Moving a standing press

Not necessarily letterpress-related, I know, but I’m hoping that someone might be able to help or advise…

I need to take apart and move a bookbinding standing press — no mean feat!

Images can be found on Flickr here[email protected]/6141479729/in/set-7215762753133...[email protected]/6142029726/in/set-7215762753133...

It’s very heavy. I have a large adjustable wrench etc, but am not sure how to go about taking off the top section, which seems to be VERY heavy.

Advice/ideas welcome!

Thank you


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My best advice is to NOT take it apart. I had one bigger than that that I brought home and put down into my basement shop. Several years later I really wanted to use the space it was occupying so I donated it to a university. The real “pain” was getting it up out of the basement. I had slid it down there on ramps. Going uphill is a whole different matter!!!!! I laid it on its side and coaxed it up the ramp again with a comealong winching device. Slow, but it worked.

Mine was bigger than yours and I loaded it onto my pickup truck by myself (in my younger days!) and drove it to the university.

Find someone with a knack and experience in moving heavy things around and they should be able to help you. I wouldn’t relish the thought about taking it apart simply because I wouldn’t want to put it back together again.


Use a Toebar and blocks and bring it up and slide a palette underneath, use a palette jack to move it around. I have larger ones and no need to take apart to move them.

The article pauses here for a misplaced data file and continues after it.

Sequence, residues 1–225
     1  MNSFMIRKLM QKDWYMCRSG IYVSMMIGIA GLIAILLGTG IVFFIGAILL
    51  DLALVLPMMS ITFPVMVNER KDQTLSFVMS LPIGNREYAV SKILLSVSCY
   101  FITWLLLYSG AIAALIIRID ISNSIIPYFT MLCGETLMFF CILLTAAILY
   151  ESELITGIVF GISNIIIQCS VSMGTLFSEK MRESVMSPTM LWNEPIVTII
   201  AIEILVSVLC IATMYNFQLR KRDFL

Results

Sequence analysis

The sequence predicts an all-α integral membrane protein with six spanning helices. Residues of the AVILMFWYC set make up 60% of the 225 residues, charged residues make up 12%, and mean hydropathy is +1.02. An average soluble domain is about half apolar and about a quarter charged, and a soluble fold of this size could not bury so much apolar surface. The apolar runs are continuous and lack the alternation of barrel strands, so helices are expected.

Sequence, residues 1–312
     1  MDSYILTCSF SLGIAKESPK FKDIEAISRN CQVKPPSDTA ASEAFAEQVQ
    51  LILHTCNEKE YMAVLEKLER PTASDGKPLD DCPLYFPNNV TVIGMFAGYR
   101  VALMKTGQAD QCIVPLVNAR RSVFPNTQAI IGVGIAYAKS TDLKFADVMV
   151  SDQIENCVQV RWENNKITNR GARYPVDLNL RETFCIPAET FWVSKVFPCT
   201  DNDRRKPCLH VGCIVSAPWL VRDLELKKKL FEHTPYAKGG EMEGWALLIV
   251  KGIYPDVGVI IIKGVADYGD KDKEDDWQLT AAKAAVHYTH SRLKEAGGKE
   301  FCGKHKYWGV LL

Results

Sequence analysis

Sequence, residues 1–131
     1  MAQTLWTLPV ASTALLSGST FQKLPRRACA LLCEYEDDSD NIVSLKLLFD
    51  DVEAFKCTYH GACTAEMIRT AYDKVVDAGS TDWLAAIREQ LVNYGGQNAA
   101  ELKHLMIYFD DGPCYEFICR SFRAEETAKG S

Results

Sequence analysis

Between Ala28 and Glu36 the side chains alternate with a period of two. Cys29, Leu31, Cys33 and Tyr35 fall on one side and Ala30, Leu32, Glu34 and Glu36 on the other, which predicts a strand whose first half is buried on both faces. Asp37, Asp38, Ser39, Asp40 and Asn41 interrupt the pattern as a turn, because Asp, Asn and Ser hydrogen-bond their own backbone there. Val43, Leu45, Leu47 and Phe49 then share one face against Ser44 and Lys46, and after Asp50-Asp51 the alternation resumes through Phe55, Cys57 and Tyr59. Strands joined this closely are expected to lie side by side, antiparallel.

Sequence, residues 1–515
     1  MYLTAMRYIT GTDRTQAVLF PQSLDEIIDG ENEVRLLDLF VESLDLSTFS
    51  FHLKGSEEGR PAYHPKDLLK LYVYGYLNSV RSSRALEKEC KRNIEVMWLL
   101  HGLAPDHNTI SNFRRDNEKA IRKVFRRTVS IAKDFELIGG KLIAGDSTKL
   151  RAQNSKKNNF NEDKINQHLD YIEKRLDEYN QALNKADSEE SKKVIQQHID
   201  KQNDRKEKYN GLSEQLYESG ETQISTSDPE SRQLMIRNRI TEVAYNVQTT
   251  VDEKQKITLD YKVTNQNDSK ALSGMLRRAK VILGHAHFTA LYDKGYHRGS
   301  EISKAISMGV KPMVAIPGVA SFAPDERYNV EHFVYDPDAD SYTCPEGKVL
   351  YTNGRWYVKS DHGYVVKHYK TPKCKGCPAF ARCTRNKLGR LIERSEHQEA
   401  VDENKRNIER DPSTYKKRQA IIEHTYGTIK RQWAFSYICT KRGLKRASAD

The only way I know, without the aid of a forklift, is to let the screw do the work. It requires a lot of lumber.

Raise the…er…platen? all the way up. Fill the area under it with nipping boards or short pieces of lumber stacked log cabin-style. Make sure it’s stable. Undo the bolts on top of the side rods. Reverse the screw on the platen (screwing it down) which will raise the unbolted cap. Once it clears the side rods, remove them.

Next, stack wood on both sides of the press (two sturdy and stable ladders will also work), with cross beams between them, crossing under the cap on both sides of the screw (recommend at least 4x4s as that cap weighs several hundred pounds). Reverse the screw again, lowering the cap down onto the cross beams, until the weight is off the lumber beneath the platen.

Next, remove some of the lumber beneath the platen, but no more than the safe travel length of the screw. Crank the platen down until the pressure is off the cross beams. Remove some of the lumber (or use lower rungs) to lower the cross beams. Crank the cap down onto the cross beams. Repeat until the platen is sitting on the base.

On second thought, Rick is right. Unless you absolutely MUST take it apart, don’t.

Use a professional mover. Taking the top off without the right equipment and strong enough men is a recipe for disaster and dangerous. You need a lot of the correct equipment to move things safely. Also make sure your hire van has a tail lift up to the job. Also note that Luton hire vans don’t have good lashing points to stop your stuff moving in transit. And the lifts aren’t very wide. You’ll need more than an adjustable spanner to move printing equipment. Have you got ratchet straps and slings? Are your mates up to it?
Good luck.

Hello all,

Thanks for those recommendations.
I may look into hiring someone to move it for me, in that case. I hear Rochat are reliable and fairly cost-effective. My concern is that the press will be going into storage, until I have a studio space sorted, so I will have to pay moving costs twice…


Just in case anyone is interested, managed to move the standing press with four of us, a pallet truck & a chain wrench

It was hard work, but we managed it without too much hassle in the end!

Photos are here: